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CPO over unoccupied property can be made even when dwelling not 'empty', says court

A local housing authority may make a compulsory purchase order (CPO) over an unoccupied house even where the house is not 'empty' for the purposes of the empty dwellings management orders (EDMO) regime, a High Court judge has ruled.22 Oct 2012

The judge also said a "compelling social need" for residential dwellings by the local authority could outweigh any rights to a private and family life guaranteed by Article 8 of the European Convention on Human Rights (ECHR).

A local housing authority has the power to "acquire houses, or buildings which may be made suitable as houses" under the Housing Act 1985. This includes the power to acquire houses in need of repair and improvement with a view to improving them as housing accommodation, a high court judge ruled in 2002.

The Housing Act 2004 also gives a local authority the power to make an EDMO to take over the management of empty homes for a limited period and bring them back into occupation. This requires that the house has been "wholly unoccupied for at least six months" and that there is no "reasonable prospect" that the house will become occupied in the "near future".

The London Borough of Enfield had made a CPO over an empty property. A planning inspector confirmed the Order, saying it was clear that the house was not in "full occupation" and that there were "material defects in the property" and its condition was "inconsistent with acceptable use". Further, the owner had not "undertaken any works which would provide re-use for housing purposes", the inspector said.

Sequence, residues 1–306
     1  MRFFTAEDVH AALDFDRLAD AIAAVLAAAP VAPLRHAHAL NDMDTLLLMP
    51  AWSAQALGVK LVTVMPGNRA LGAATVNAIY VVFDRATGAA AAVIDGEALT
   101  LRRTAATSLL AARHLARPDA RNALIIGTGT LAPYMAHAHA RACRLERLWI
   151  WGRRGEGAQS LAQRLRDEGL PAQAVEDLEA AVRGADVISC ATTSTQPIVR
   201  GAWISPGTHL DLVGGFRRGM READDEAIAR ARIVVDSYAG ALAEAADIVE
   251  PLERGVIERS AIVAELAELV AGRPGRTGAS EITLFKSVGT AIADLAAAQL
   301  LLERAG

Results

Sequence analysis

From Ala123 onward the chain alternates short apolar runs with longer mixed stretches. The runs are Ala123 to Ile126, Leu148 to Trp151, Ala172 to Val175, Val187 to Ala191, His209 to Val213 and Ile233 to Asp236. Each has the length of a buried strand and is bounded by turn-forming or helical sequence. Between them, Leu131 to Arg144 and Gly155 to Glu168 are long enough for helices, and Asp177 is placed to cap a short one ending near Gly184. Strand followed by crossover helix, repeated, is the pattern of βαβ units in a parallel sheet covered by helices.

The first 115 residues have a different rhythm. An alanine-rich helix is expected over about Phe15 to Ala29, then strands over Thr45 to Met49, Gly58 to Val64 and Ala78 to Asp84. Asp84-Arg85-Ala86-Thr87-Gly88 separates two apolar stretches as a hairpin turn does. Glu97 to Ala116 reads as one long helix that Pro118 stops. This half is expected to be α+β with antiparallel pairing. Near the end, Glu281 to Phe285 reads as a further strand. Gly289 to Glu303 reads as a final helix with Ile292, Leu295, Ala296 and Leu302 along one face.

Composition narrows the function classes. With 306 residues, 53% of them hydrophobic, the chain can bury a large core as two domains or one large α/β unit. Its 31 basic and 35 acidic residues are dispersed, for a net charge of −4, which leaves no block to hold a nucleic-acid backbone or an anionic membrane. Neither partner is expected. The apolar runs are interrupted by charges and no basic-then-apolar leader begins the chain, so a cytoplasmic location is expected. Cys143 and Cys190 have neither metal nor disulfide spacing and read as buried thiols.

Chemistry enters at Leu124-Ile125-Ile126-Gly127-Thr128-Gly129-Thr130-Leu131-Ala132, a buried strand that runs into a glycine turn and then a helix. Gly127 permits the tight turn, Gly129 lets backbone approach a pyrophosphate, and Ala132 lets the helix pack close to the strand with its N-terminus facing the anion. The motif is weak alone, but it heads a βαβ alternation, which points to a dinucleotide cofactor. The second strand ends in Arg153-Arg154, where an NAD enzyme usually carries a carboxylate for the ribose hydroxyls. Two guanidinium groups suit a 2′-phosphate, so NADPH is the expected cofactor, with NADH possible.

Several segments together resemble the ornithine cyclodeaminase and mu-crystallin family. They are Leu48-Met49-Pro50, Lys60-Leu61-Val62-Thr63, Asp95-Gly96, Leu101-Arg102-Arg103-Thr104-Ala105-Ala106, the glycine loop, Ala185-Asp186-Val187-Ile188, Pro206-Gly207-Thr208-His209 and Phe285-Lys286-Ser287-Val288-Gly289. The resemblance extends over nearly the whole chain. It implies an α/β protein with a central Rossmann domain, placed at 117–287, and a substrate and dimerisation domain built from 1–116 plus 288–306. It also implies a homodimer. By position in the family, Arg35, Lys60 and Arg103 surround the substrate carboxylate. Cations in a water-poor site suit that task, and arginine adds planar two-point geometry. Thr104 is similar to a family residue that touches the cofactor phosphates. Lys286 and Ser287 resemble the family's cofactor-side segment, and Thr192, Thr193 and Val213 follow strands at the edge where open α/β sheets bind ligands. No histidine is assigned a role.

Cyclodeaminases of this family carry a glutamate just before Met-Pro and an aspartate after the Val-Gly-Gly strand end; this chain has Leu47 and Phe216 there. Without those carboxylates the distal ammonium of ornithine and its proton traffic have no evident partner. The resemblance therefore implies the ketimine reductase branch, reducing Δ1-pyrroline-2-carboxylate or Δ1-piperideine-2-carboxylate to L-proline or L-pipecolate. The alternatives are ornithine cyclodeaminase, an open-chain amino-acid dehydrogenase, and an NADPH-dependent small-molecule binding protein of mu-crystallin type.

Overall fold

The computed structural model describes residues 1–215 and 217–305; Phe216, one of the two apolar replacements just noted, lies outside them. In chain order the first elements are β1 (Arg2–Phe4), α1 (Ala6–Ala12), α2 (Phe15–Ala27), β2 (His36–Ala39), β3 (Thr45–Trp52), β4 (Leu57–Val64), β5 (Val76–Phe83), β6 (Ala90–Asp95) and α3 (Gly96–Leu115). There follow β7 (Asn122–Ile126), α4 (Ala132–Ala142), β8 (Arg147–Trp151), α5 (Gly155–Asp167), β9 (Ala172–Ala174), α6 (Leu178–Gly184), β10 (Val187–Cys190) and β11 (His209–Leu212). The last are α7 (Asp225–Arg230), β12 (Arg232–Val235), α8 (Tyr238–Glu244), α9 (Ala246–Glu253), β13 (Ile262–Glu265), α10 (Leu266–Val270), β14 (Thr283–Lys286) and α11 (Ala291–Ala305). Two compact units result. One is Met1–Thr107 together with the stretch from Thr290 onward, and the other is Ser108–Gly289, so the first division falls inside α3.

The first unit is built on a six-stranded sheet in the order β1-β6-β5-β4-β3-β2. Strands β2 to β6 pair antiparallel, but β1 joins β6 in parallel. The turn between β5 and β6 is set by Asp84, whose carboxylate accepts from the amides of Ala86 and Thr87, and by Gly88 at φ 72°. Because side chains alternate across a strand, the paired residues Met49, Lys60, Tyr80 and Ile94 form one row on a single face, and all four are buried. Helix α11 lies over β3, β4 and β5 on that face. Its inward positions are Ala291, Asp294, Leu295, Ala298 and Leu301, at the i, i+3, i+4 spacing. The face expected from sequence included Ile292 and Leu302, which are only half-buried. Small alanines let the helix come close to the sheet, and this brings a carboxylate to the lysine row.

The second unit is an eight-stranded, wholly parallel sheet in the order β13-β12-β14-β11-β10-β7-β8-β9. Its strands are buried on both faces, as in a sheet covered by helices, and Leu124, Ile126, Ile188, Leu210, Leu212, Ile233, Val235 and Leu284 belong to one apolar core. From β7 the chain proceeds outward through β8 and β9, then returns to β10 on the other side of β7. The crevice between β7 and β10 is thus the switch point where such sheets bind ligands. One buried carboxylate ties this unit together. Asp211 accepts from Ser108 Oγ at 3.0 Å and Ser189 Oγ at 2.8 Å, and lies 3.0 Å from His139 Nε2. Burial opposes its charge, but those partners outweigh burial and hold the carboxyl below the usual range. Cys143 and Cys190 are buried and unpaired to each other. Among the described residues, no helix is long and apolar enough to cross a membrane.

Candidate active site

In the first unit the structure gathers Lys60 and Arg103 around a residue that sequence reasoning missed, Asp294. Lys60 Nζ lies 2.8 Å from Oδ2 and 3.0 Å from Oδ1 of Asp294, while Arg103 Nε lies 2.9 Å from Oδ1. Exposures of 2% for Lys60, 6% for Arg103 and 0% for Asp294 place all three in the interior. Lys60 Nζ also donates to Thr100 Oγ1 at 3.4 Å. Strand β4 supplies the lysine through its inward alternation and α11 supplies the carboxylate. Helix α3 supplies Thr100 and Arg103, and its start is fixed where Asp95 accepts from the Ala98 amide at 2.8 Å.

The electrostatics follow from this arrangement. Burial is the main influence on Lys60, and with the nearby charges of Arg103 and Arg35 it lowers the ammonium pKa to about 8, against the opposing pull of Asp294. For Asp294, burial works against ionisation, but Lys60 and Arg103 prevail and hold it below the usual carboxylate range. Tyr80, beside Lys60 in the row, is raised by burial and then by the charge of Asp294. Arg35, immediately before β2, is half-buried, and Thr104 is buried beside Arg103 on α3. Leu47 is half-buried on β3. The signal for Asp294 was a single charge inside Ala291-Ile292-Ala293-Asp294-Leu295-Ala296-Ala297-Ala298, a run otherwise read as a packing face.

The judge ruled that although the house may not have been "empty" under the EDMO regime, this did not prevent the local housing authority from making a CPO.

"There is nothing in the Housing Act 2004, providing for the EDMO regime, that expressly requires a decision maker under the Housing Act 1985 to consider, for the purpose of making or confirming a CPO, whether or not a relevant property is an 'empty dwelling' under the EDMO regime," said the judge. "The EDMO regime was intended to create additional powers for bringing unoccupied property into residential use."

"If a CPO were permissible only if a property was an 'empty dwelling' under the EDMO regime, an acquiring authority would be powerless to acquire by CPO property that had been left unoccupied and in continuing unacceptable disrepair and neglect, so long as the owner had an EDMO reason for leaving the property unoccupied," the judge said.

The judge also held that the CPO regime could potentially engage the protection of private and family life in ECHR Article 8, as the reason the house was not in "full occupation" was that the owner had gone to care for his elderly mother. However, this was outbalanced by the local authority's "acute need" for more residential dwellings.

"The compelling social need" outweighed "any Article 8 right" of the house owner and the CPO was "proportionate having regard to the content of that right in the present context and the wider public interest which the CPO regime seeks to advance", the judge said.

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